Teachers In A Pandemic Part 1: Raising Infants and Toddlers

Dallastown faculty share their experience teaching and being a parent at the same time this past year.

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Photo Submitted by Justin Zelger

Mr. Zelger holding his 2-year-old son, Nathaniel, also typing on the laptop. It is seen that he is juggling, by having a child and doing Zoom classes.

Katelyn Moran-Pearlman, Editor-In-Chief

Teaching in a pandemic is one of the hardest jobs right now in the world. Being a parent, while juggling a teaching career, is also extremely hard.

Dallastown teachers have experienced both.

Having Babies In The Middle Of A Pandemic

Mr. Donatelli, a teacher in the Business department at DAHS, and his wife gave birth in April of 2020. 

“My wife Emily and I gave birth to our second son Grant on April 24, 2020. The hospital was very clean, everyone had to wear masks, and the staff did a terrific job attending to our needs.”

Masks were mandated on April 28, 2020 as required by CDC, but encouraged in March. 

“While my wife was tested for COVID prior to the hospital, I wasn’t, so I had to wear a mask at all times,” said Mr. Mohar, a teacher in the English department.

After her son, Maverick, was born, Mrs. Gaynor, a teacher in the Science department, shared that he was in the NICU for 10 days.

“When he was born, it was an overall very overwhelming experience, not to mention the COVID regulations with going into the NICU. We had to wear masks the whole time, so he never got to see our smiles until we got home with him.”

Mrs. Gaynor, holding her newborn at the hospital. She is wearing a blue button down shirt with maroon pants, and a colorful headband. (Photo Submitted By Kristin Gaynor)

Gaynor and many other teachers mentioned that it was easier to not have visitors because there was more time to spend together.  

“Not having visitors was actually quite nice, I can’t imagine having to juggle seeing people while dealing with all his health issues/talking with doctors,” says Gaynor

She had a first-time experience at the hospital, having to wear masks and giving birth in September of 2020 as well. 

“It was very bizarre. I had a scheduled C-section, so we knew the day/time we were having the baby. I had to get a COVID test prior to it and quarantine for a full 2 weeks to avoid exposure. At the time, I was told by my doctor that if I tested positive, I could be quarantined from my baby and not allowed to see him, which was very scary.” 

Masks Worn On Children

Mohar’s 4-year-old son, Calvin has adapted well to wearing masks, along with many other teachers.

“My oldest [Calvin] would say we have to wear them ‘because of the germs.’”

Mr. Donatelli’s 3-year-old son, Landon has adapted well in daycare and many other places. 

“My wife and I had to communicate with Landon about protecting other people from getting sick and we explained that masks protect ourselves as well.”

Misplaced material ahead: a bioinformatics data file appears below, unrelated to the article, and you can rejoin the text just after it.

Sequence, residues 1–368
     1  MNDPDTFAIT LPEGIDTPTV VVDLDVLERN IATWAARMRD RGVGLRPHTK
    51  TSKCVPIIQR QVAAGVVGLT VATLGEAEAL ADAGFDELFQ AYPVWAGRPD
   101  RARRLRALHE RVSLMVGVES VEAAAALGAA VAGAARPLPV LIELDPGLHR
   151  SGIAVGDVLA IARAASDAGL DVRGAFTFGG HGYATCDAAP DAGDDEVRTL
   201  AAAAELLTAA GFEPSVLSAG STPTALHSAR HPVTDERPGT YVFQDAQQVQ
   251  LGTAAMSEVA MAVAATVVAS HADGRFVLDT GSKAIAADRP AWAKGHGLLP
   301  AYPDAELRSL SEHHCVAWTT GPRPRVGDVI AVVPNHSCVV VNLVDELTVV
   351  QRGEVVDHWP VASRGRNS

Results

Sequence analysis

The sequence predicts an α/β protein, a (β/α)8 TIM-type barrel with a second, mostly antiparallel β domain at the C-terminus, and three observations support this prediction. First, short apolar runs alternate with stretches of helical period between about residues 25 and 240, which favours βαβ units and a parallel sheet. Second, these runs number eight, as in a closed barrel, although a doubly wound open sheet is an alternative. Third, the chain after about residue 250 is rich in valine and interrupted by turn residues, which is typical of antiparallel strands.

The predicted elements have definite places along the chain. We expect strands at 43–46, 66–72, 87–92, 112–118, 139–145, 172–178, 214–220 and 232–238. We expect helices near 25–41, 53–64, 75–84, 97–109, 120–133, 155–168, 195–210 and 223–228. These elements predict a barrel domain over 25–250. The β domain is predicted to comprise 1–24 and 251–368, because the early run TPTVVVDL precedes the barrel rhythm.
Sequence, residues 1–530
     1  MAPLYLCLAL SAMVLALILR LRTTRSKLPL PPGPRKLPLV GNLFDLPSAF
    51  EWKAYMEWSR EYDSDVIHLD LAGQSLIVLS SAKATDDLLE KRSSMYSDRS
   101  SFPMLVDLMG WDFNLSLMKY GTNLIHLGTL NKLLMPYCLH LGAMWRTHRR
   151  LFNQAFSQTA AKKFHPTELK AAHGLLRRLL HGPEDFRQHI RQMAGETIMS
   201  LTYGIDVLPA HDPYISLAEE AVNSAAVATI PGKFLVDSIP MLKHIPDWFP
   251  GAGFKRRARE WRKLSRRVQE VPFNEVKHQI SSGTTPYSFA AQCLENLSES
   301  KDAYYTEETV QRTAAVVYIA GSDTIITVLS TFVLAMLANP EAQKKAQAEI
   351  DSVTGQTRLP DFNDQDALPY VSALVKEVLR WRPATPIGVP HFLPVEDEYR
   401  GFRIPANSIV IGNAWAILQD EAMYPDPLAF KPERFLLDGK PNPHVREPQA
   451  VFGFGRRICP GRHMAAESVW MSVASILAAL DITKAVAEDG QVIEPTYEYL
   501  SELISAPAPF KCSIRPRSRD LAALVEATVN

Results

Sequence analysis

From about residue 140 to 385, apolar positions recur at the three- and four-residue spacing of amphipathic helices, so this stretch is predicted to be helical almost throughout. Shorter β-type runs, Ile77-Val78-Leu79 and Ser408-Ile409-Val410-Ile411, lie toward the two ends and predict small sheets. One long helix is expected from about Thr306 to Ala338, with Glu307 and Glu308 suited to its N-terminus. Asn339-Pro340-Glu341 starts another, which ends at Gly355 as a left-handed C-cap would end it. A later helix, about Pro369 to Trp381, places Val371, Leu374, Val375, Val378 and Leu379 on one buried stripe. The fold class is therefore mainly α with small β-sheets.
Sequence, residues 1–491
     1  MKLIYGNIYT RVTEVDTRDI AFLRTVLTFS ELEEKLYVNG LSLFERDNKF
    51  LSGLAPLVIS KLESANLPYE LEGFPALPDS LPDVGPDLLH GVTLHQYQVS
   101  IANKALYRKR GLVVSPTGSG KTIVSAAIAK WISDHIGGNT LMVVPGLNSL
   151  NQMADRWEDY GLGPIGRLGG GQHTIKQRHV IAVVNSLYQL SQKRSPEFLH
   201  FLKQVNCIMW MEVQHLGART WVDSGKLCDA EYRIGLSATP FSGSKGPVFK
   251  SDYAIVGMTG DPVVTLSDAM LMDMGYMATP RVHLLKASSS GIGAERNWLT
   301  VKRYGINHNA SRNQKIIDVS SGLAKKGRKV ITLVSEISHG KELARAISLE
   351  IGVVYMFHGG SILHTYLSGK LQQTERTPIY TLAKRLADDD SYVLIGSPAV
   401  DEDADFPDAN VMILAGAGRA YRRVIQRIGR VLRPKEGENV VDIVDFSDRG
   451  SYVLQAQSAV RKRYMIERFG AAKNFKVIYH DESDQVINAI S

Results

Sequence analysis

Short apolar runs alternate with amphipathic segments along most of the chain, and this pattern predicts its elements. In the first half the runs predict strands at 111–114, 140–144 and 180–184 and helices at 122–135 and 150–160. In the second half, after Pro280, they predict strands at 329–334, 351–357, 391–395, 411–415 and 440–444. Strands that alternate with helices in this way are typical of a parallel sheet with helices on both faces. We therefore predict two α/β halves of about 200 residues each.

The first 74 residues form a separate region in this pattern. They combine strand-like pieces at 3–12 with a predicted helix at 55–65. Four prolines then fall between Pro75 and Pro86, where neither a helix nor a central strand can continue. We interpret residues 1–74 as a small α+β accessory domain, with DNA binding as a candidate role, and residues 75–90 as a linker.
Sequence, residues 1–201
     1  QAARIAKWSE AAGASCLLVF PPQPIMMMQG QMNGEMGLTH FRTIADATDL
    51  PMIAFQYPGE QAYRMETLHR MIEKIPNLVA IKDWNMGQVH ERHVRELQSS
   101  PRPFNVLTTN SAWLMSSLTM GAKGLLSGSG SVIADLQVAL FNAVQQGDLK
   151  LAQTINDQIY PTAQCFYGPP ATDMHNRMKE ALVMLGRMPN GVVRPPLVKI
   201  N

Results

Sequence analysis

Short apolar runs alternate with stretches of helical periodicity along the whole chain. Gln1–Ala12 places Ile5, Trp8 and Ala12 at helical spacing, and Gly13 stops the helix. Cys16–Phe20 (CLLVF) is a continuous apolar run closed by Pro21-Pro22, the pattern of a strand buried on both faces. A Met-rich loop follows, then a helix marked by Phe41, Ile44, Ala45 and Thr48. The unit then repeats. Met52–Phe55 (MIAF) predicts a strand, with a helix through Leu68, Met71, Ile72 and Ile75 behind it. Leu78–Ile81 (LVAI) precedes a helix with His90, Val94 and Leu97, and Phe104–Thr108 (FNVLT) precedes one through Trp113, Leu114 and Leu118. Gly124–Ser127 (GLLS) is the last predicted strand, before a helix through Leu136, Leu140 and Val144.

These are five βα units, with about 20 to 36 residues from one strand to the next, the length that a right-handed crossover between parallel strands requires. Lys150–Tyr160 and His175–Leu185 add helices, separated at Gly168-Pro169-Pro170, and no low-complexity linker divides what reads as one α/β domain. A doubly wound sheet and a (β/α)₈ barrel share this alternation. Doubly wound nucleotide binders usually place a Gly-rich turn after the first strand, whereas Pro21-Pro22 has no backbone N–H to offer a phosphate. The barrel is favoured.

Landon, Mr. Donatelli’s 3-year-old son, is holding his 11 months old brother, Grant, cheesing for the camera. (Photo Submitted by Robert Donatelli)

Many teachers including Mr. Zelger, a psychology teacher, and Gaynor, have children who are two or younger and are adapting well to it. 

“It’s funny now that he’s a little older, when we are wearing masks he tries to take them off. I think he thinks it’s a game,” says Gaynor.

 Zelger said, “[Nathaniel] doesn’t seem to even notice other than occasionally pulling on mine.”

What It Was Like To Go Back to School Full-Time

In September, when students were expected to go back to school in-person/virtually and having to wear masks and social distance, it was much harder for teachers to leave their younger child for the day and go to school. 

Gaynor shares that when she was on maternity leave up until November of 2020, she brought her infant often on camera when she had to do Zoom classes. 

“It was really challenging to work from home with an infant. While the school day follows a strict schedule of when class starts/ends, his schedule is much less organized! Many of my zoom classes got to see him while I explained the assignments.”

While on lockdown, teachers loved being home with their children. Many say it was a blessing in disguise. 

“I have been blessed to have lots of summer time for bonding, but being ‘stuck’ with each other, especially last spring and summer, was a pretty bright silver lining to the pandemic. We spent most of our time exploring–walking and running together. I kept track of our miles when the shutdown began. We wound up logging over 500 miles together. He’s definitely my little best friend,” says Mohar.

Calvin, Mr. Mohar’s 4-year-old son, who is holding Hendrix, 8-month-old. Both are looking at the camera, Calvin is cheesing for the camera. (Photo Submitted By Joshua Mohar)

Teachers including Zelger, Donatelli and Gaynor also shared how much they enjoyed being with their children. 

Gaynor explained that she loved being home and enjoys every chance she gets to be with him. She mentioned that, “Being a working mom can be really difficult, and I feel like I miss a lot.”

“I tell everyone that last spring was the best time of my life spending so much time with my son and my wife and being able to work from home.  I still at times wish I had a job in which I could always work from home,” said Zelger.

This is the first in a three-part series about teachers at Dallastown juggling family life and educational responsibilities during the COVID crisis.